Toronto Raptors President Faces Criminal Charges After Encounter With Sheriff’s Deputy

Toronto Raptors President Masai Ujiri may face criminal charges and a lawsuit after being accused of shoving and hitting a sheriff’s deputy. Ujiri allegedly assaulted the deputy as he was attempting to join his team on the court when they won the NBA championship for the first time on June 13.The incident occurred when the Raptors defeated the Golden State Warriors at Oracle Arena in Oakland, California, and Ujiri tried to walk past the deputy, who was checking court-access credentials, Sergeant Ray Kelly told the Associated Press (AP). The deputy stopped Ujiri, allegedly prompting him to shove the deputy and curse.

“That’s when our deputy goes hands-on and moves Mr. Ujiri back from the court. Mr. Ujiri made a second, more significant shove and during that shove his arm struck our deputy in the side of the head,” Kelly said.Kelly told CBC that Ujiri did not have his credentials at the time of the encounter. NBC security eventually intervened and Ujiri was able to go to the court to celebrate with his team. Raptors guard Kyle Lowry led Ujiri to the court, Sports Center reported.

“There is a credential policy that the NBA has in place,” Kelly said. “Everybody from the top executives all the way down…know that you must wear credentials to get on the court. We would expect more from a team president.”The authorities’ account of the events was disputed by 61-year-old Warriors’ season ticket holder Greg Wiener. He told the AP that he did not see Ujiri strike the deputy in the face. Wiener claimed the incident began after the deputy put his hand on Ujiri’s chest and shoved him. Ujiri then pushed back.

“The thing about the cops saying the policeman asked for his credentials, that didn’t happen,” Wiener said. “There was no conversation at all. This part about striking him in the face--yeah, that didn’t happen.” Wiener said that the account appears to be “somebody trying to embellish what happened to protect what they did.”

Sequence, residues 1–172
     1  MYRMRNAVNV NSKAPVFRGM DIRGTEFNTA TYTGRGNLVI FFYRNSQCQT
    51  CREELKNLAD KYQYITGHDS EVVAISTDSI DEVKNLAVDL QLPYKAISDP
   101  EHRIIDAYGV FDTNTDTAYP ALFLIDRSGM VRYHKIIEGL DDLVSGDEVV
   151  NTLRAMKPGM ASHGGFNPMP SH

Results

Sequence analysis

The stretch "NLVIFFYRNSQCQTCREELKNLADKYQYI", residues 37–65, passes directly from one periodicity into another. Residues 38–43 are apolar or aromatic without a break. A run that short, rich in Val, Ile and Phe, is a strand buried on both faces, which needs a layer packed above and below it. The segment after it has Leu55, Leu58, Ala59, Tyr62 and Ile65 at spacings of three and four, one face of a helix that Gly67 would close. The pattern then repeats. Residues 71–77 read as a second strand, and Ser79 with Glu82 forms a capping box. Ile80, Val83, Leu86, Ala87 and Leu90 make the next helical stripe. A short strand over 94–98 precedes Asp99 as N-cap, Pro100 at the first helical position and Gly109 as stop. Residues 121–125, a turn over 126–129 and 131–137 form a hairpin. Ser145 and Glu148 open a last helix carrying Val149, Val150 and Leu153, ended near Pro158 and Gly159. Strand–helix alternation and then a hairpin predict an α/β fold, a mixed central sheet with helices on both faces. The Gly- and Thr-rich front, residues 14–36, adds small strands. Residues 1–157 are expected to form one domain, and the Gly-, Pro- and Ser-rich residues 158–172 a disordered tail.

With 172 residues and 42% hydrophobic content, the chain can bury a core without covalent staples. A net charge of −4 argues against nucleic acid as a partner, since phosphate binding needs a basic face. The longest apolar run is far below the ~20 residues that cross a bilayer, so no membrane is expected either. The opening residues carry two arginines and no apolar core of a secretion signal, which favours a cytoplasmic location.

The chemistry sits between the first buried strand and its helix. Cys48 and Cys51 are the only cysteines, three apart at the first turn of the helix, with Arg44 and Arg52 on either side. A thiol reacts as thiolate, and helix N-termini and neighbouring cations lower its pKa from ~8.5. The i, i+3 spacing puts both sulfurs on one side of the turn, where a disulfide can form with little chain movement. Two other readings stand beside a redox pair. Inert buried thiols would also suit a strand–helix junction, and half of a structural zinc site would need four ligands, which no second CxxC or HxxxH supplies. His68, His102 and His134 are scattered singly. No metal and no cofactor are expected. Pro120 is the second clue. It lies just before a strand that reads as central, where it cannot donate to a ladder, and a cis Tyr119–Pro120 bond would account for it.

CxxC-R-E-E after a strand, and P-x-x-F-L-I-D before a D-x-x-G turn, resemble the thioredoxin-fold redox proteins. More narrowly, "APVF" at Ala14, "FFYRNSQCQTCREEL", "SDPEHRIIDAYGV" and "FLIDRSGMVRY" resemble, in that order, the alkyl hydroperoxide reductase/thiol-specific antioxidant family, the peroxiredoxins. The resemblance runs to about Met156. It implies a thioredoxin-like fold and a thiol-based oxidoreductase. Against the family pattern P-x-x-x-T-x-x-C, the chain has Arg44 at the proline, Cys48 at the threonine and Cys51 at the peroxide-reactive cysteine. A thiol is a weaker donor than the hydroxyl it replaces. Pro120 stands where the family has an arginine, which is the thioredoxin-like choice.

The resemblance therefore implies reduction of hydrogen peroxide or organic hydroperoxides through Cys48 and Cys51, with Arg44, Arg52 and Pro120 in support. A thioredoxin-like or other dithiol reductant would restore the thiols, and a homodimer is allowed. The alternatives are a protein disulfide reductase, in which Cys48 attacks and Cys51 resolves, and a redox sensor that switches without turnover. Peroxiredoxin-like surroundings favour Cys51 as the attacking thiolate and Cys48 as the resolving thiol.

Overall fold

The deputy later claimed he was experiencing pain in his jaw and was taken to a hospital to be evaluated. He was later released.

Kelly told the AP that the sheriff’s office spoke to witnesses and were reviewing footage from body cameras, arena surveillance, and cellphones. A report will then be sent to prosecutors. On June 18, Alameda County Sheriff Greg Ahern said he supports the deputy and is recommending misdemeanor battery charges against Ujiri. The deputy, who has not been identified, is reportedly considering a lawsuit against Ujiri, the Raptors organization, and the NBA. Civil rights attorney David Mastagni, who is representing the deputy, told KPIX that, “All options are on the table. No options are off the table.”

“It’s an unprovoked significant hit to the jaw of the law enforcement officer,” Mastagni said. He claimed his client has not been able to return to work due to injuries he sustained. The attorney said the 20-year veteran deputy suffered a serious concussion and a templar mandibular joint injury.The Raptors said they are also looking into the incident. “The incident is being looked at, and we are cooperating with authorities. We look forward to resolving the situation,” a spokesperson said.On June 14, NBA spokesman Mike Bass said the basketball association is communicating with the Raptors and local law enforcement “and in the process of gathering more information,” NBC Bay Area reported.

During Game 3 of the NBA finals, Warriors minority owner Mark Stevens was caught shoving and swearing at the Raptors’ Kyle Lowry after the point guard dove into courtside seats to save a loose ball. Stevens was later banned from attending any team activities until the end of next season’s playoffs and was fined $500,000, CNN reported. “Mr. Stevens’ behavior last night did not reflect the high standards that we hope to exemplify as an organization,” the Warriors said in a statement. “We’re extremely disappointed in his actions and, along with Mr. Stevens, offer our sincere apology to Kyle Lowry and the Toronto Raptors organization for this unfortunate misconduct. There is no place for such interaction between fans — or anyone — and players at an NBA game.”


About the Author

Nicole Rojas is a breaking news writer for The North Star. She has published in various venues, including Newsweek, GlobalPost, IHS Jane’s Defence Weekly, and the Long Island Post. Nicole graduated from Boston University in 2012 with a degree in print journalism. She is an avid world traveler who recently explored Asia and Australia.